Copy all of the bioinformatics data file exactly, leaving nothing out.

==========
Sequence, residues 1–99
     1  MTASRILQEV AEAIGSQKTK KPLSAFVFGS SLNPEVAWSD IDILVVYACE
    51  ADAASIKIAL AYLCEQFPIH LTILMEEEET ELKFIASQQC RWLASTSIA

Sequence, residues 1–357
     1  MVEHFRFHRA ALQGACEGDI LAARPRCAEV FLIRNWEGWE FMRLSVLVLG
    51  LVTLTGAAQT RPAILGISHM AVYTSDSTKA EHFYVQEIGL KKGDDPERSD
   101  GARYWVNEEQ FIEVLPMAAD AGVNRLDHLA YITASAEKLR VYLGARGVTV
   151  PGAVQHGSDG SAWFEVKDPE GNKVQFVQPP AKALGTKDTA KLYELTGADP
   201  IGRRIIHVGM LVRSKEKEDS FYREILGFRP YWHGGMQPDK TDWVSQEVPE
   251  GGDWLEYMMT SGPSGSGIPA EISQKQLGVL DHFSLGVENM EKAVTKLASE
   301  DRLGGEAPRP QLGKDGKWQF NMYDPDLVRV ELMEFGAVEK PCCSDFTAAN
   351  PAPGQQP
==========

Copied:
Sequence, residues 1–99
     1  MTASRILQEV AEAIGSQKTK KPLSAFVFGS SLNPEVAWSD IDILVVYACE
    51  ADAASIKIAL AYLCEQFPIH LTILMEEEET ELKFIASQQC RWLASTSIA

Sequence, residues 1–357
     1  MVEHFRFHRA ALQGACEGDI LAARPRCAEV FLIRNWEGWE FMRLSVLVLG
    51  LVTLTGAAQT RPAILGISHM AVYTSDSTKA EHFYVQEIGL KKGDDPERSD
   101  GARYWVNEEQ FIEVLPMAAD AGVNRLDHLA YITASAEKLR VYLGARGVTV
   151  PGAVQHGSDG SAWFEVKDPE GNKVQFVQPP AKALGTKDTA KLYELTGADP
   201  IGRRIIHVGM LVRSKEKEDS FYREILGFRP YWHGGMQPDK TDWVSQEVPE
   251  GGDWLEYMMT SGPSGSGIPA EISQKQLGVL DHFSLGVENM EKAVTKLASE
   301  DRLGGEAPRP QLGKDGKWQF NMYDPDLVRV ELMEFGAVEK PCCSDFTAAN
   351  PAPGQQP